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13-Nov-2017 11:40

But BASIC as it came to be was profoundly influenced by the fact that it was created at a liberal arts college with a forward-thinking mathematics program.

Dartmouth became that place largely because of the vision of its math department chairman, John Kemeny.

Once upon a time, knowing how to use a computer was virtually synonymous with knowing how to program one. Kurtz of Dartmouth College in Hanover, New Hampshire, BASIC was first successfully used to run programs on the school’s General Electric computer system 50 years ago this week–at 4 a.m. The two math professors deeply believed that computer literacy would be essential in the years to come, and designed the language–its name stood for “Beginner’s All-Purpose Symbolic Instruction Code”–to be as approachable as possible.

And the thing that made it possible was a programming language called BASIC. It worked: at first at Dartmouth, then at other schools.

Moreover, their work reached the public long before the equally vital breakthroughs of such 1960s pioneers as Douglas Engelbart, inventor of the mouse and other concepts still with us in modern user interfaces.

You might assume that a programming language whose primary purpose was to help almost anybody become computer-literate would be uncontroversial—maybe even universally beloved. BASIC always had its critics among serious computer science types, who accused it of promoting bad habits.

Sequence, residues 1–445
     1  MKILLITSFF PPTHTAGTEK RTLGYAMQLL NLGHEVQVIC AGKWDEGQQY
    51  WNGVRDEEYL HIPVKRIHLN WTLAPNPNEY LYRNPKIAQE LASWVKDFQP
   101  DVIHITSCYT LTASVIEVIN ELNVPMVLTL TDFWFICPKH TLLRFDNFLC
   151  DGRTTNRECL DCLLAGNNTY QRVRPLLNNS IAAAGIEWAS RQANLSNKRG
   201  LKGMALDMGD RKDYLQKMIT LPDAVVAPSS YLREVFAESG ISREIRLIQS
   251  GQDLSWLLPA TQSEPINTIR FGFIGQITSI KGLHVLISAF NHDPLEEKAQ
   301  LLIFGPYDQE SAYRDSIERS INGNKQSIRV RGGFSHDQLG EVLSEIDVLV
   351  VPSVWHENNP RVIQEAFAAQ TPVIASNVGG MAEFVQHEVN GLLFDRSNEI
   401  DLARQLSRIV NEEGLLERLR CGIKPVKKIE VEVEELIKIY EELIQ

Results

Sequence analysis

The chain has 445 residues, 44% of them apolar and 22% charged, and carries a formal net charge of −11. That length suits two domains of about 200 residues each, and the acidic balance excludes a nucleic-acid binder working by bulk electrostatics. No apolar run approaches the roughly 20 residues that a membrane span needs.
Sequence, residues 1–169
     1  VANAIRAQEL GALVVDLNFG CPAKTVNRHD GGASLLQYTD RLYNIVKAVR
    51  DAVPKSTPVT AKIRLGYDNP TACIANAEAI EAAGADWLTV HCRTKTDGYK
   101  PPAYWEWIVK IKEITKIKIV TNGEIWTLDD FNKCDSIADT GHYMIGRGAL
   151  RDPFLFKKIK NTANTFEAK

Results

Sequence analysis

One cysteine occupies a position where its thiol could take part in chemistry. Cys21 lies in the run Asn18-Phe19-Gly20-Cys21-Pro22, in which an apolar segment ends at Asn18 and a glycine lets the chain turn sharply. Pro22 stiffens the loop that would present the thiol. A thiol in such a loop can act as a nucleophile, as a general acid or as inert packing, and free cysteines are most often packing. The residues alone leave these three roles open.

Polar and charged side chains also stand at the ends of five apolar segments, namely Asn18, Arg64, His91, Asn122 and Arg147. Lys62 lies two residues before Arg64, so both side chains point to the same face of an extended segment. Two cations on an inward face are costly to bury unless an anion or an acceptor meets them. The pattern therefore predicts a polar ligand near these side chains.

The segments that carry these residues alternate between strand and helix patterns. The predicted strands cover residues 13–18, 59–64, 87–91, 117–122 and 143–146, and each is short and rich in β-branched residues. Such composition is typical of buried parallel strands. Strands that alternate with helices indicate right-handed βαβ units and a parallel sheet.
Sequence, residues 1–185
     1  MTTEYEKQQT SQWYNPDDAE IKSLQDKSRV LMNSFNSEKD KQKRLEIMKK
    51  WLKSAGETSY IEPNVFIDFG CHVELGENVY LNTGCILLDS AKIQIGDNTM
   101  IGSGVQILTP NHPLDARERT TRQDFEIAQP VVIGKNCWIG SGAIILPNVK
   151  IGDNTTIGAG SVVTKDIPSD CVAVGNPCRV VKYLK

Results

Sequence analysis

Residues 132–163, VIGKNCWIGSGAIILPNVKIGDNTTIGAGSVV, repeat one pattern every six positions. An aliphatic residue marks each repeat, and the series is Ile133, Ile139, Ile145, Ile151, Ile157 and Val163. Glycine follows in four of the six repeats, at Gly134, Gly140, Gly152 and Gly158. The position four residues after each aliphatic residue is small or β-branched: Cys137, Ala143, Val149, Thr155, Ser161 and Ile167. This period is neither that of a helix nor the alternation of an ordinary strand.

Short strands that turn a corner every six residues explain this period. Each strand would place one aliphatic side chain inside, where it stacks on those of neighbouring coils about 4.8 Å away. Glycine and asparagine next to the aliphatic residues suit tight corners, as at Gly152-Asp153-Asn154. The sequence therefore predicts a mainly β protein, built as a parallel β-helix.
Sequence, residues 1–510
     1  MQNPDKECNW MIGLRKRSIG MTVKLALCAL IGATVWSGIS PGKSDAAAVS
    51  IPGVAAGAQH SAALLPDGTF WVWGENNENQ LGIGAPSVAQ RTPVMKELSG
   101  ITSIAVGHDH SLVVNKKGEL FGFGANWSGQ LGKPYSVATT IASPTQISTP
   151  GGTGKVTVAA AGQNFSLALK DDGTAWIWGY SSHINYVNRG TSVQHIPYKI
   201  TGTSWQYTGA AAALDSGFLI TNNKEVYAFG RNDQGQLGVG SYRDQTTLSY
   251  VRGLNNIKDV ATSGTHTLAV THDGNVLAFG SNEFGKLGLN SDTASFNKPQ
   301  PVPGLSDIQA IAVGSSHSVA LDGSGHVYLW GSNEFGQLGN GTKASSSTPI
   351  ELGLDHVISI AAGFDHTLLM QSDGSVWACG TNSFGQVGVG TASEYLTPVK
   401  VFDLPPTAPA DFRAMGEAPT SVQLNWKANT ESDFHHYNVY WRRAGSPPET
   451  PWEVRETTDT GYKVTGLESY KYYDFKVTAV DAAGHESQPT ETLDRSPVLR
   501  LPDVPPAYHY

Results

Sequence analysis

Nobody conspired to get rid of it; no one factor explains its gradual disappearance from the scene. When it comes to technology, I don’t feel like a grumpy old man.

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(Kemeny died in 1992.) “We needed a language that could be ‘taught’ to virtually all students (and faculty) without their having to take a course.” Their brainchild quickly became the standard way that people everywhere learned to program computers, and remained so for many years.Born in Budapest in 1926 and Jewish, Kemeny came to the United States in 1940 along with the rest of his family to flee the Nazis.He attended Princeton, where he took a year off to contribute to the Manhattan Project and was inspired by a lecture about computers by the pioneering mathematician and physicist John von Neumann.Knowing how to program a computer is good for you, and it’s a shame more people don’t learn to do it.For years now, that’s been a hugely popular stance.

(Kemeny died in 1992.) “We needed a language that could be ‘taught’ to virtually all students (and faculty) without their having to take a course.” Their brainchild quickly became the standard way that people everywhere learned to program computers, and remained so for many years.Born in Budapest in 1926 and Jewish, Kemeny came to the United States in 1940 along with the rest of his family to flee the Nazis.He attended Princeton, where he took a year off to contribute to the Manhattan Project and was inspired by a lecture about computers by the pioneering mathematician and physicist John von Neumann.Knowing how to program a computer is good for you, and it’s a shame more people don’t learn to do it.For years now, that’s been a hugely popular stance.It’s led to educational initiatives as effortless sounding as the Hour of Code (offered by Code.org) and as obviously ambitious as Code Year (spearheaded by Codecademy). Last December, he issued a You Tube video in which he urged young people to take up programming, declaring that “learning these skills isn’t just important for your future, it’s important for our country’s future.” I find the “everybody should learn to code” movement laudable.